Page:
It’s hard to tell why the bright colours originated, isn’t it? It could indeed be about the brown landscape but then I tend to associate bright colours with warm climates in general, which includes the wettest tropics. I know that I was very attracted to bright flower colours in Sydney and assumed that it was something to do with the sun and light. You have me intrigued now!

      • Adriana Fraser says:

        Yes I think you are right – hot climate = hot colours, even though it does not make sense to me (you would think hot climate = use cool colours – but I probably think this way because I come from a cool temperate climate).

        • jannaschreier says:

          It’s funny how already my thoughts on colour are changing. I saw some beautiful, pale yellow, native primroses the other day and just thought nothing could possibly beat them. Maybe it’s about going with the flow rather than trying to fight things with contrast??

  4. Elizabeth Hedgley says:

    Inspirational article for those of us who downsize and still wish for a colourful garden with imaginative use of plants.

  5. rusty duck says:

    I’m out of touch with city gardens, other than images from a magazine, but I would have thought the style in Marrakech would translate well and with the microclimate of London you’d stand a good chance with some of those ‘exotic’ plants too. Hope the house hunting is becoming more fruitful.

    • jannaschreier says:

      It is incredible to see the ‘exotic’ plants that happily grow in central London. It’s clearly significantly warmer than just outside the city (hooray!). I’m very excited to say that we now have a home here and I am pondering the design and planting of my new terrace as I type!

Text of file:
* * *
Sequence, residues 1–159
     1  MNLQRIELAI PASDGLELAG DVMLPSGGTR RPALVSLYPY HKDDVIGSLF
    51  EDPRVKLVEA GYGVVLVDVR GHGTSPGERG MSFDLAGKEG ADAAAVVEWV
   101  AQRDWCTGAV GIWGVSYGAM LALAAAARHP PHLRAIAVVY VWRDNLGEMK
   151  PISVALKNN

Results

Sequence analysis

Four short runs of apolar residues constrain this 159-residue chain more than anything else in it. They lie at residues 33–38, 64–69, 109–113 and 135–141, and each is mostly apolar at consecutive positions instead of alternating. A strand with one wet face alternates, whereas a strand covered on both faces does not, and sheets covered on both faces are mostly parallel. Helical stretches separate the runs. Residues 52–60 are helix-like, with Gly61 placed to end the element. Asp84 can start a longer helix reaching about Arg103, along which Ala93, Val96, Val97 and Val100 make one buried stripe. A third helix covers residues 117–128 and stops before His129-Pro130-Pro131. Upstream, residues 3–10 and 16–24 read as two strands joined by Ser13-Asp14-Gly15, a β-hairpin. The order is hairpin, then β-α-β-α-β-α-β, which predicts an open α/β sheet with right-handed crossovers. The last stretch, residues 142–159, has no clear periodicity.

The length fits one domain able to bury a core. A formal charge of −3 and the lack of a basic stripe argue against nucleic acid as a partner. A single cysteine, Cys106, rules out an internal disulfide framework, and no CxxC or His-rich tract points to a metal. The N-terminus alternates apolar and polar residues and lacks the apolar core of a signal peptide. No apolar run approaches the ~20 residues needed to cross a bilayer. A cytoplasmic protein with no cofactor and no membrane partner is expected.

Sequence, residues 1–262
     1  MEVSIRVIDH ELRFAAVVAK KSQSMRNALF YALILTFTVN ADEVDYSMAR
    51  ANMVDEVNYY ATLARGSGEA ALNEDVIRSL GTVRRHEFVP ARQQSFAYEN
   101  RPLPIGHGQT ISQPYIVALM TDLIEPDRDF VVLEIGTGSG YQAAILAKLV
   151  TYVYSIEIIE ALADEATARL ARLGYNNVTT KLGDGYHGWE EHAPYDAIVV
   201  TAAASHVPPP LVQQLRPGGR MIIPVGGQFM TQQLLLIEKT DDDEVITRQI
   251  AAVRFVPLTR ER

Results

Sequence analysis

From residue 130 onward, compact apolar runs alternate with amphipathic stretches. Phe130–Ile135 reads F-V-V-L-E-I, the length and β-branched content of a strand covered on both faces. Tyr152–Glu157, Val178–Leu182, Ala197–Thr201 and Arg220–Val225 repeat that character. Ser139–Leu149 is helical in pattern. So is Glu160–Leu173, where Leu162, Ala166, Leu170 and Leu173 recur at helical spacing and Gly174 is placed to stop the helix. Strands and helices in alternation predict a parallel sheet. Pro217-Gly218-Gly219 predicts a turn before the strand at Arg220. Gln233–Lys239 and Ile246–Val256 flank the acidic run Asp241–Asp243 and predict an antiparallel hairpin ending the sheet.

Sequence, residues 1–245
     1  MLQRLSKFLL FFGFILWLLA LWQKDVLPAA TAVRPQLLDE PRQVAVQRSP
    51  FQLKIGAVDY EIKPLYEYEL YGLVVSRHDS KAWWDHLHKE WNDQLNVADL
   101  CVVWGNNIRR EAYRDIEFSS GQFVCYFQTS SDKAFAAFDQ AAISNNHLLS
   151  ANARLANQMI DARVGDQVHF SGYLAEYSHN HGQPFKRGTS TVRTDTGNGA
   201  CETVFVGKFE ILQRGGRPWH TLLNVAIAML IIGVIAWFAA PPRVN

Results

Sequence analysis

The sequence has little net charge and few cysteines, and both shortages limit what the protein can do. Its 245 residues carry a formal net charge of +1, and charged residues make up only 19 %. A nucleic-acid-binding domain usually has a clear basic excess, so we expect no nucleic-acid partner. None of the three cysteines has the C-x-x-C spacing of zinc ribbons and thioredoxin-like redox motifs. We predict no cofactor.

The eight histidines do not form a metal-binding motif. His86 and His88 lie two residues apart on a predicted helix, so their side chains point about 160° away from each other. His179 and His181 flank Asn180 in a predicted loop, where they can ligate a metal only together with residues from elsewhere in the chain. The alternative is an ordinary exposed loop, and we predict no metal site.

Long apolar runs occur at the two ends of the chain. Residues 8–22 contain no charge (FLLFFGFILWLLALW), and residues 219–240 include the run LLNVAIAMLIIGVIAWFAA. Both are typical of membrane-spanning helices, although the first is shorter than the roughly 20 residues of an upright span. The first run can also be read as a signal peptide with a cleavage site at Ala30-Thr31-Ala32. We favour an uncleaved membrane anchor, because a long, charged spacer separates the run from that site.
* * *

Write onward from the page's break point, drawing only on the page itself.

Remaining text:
6. germac4 says:

    Thanks for a really interesting post as always, and congrats on your new home…lovely to have your own garden for designing and planting. Just as I read your thoughts on a having a sense of place I looked through some of my photos of the gardens near Questacon and the National Library in Canberra. There are now some wonderful beds of grasses, and winding paths in areas where school children visiting will sit (and run!) while having lunch under the Eucalypts trees. Very Australian! However, in a couple of photos, in the background there are the gorgeous Manchurian Pears…showing their wonderful red autumn colours. Deciduous trees provide such a relief on the Canberra landscape during times of heat and drought…so, to me, this mix works well for my sense of place in Canberra.

    • jannaschreier says:

      Thanks for the kind comments. The new areas along Lake Burley Griffin sound wonderful! What better way for school children to enjoy lunch on their trip to Canberra than under the shade of Eucalyptus trees? Especially as most of them will have come from much more urban areas. I completely agree on the Manchurian pears: they are such a defining feature of that stretch of the lake near the National Library. There’s nothing quite like them in autumn, with their tricolour leaves held on each and every tree. A very definite piece of Canberra’s sense of place.